Don’t get me wrong. I do see value in comparing camera models. For example, comparing the Nikon Z 7 II to the Sony a7R IV and the Canon EOS R5, seems like a valid topic. All three hold a similar position in their own brand ecosystems. If someone were buying into a camera system in a vacuum and was trying to decide which to go with, this information would be helpful. But of course, consumers are rarely shopping in a vacuum, which makes the job of making camera recommendations all the more challenging.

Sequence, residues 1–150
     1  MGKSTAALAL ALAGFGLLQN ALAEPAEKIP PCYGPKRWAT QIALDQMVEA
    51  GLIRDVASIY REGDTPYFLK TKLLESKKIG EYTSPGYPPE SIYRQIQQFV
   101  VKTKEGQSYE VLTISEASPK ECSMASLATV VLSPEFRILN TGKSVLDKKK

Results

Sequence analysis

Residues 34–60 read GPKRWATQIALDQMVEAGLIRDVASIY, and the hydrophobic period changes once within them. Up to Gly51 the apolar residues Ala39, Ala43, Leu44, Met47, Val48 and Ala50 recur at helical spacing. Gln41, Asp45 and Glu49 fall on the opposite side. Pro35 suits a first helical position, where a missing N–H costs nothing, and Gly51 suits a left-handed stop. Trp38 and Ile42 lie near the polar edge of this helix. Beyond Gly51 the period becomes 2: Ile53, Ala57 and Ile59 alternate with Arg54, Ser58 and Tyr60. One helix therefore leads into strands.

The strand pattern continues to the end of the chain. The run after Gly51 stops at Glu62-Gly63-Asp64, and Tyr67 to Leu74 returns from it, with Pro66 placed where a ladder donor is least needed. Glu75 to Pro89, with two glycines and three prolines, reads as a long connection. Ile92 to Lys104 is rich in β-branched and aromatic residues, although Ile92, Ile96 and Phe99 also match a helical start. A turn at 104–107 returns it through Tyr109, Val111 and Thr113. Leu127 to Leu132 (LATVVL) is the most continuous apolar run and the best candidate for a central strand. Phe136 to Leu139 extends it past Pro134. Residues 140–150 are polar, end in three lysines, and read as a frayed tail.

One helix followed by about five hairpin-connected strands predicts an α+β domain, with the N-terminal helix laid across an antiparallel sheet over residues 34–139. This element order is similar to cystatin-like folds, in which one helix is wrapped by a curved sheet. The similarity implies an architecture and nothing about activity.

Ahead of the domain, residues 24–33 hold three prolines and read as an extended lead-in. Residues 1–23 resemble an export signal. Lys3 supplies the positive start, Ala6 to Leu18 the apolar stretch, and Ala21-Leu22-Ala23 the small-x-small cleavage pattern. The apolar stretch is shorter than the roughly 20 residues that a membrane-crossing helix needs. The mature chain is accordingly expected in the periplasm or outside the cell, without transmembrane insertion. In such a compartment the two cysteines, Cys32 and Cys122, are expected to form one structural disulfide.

Simply because it was the most recent to be released, let’s take the Nikon Z 7 II as an example. Were you to watch all the YouTube reviews, you’d be forgiven for assuming that Nikon had just given up on the camera business, produced the photographic equivalent of “Ishtar,” and might as well just go out of business and save us all a lot of trouble. Many of these reviews will also be accompanied by dire prognostications that Nikon’s lowly place within the mirrorless market is a sure sign that the company is going out of business and it would be foolish to buy any new products from them, especially since the new product being offered didn’t reinvent the very idea of a camera and instead, they had simply listened to customer concerns and addressed the issues present in the first generation. Honestly, I’m not 100% sure why addressing customer concerns is considered a bad thing. Sure, there’s nothing so new in the release that it will transform the camera industry. But, if the bar we are expecting is for a company to completely revolutionize the market with every release, I think we may be setting the bar just a little too high.